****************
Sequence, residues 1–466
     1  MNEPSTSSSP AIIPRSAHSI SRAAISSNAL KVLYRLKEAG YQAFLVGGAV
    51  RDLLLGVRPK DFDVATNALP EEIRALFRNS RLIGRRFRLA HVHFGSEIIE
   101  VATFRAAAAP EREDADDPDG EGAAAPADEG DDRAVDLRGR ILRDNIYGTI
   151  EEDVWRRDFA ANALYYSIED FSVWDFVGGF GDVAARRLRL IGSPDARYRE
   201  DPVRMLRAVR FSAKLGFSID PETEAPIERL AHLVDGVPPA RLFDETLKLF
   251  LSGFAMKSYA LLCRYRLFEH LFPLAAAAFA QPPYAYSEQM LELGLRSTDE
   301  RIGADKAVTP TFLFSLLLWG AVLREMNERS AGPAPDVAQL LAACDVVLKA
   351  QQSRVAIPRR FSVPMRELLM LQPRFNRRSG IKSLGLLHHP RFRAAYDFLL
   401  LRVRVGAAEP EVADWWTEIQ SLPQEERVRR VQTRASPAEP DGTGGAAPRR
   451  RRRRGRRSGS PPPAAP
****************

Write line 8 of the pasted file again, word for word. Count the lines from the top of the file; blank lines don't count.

   301  RIGADKAVTP TFLFSLLLWG AVLREMNERS AGPAPDVAQL LAACDVVLKA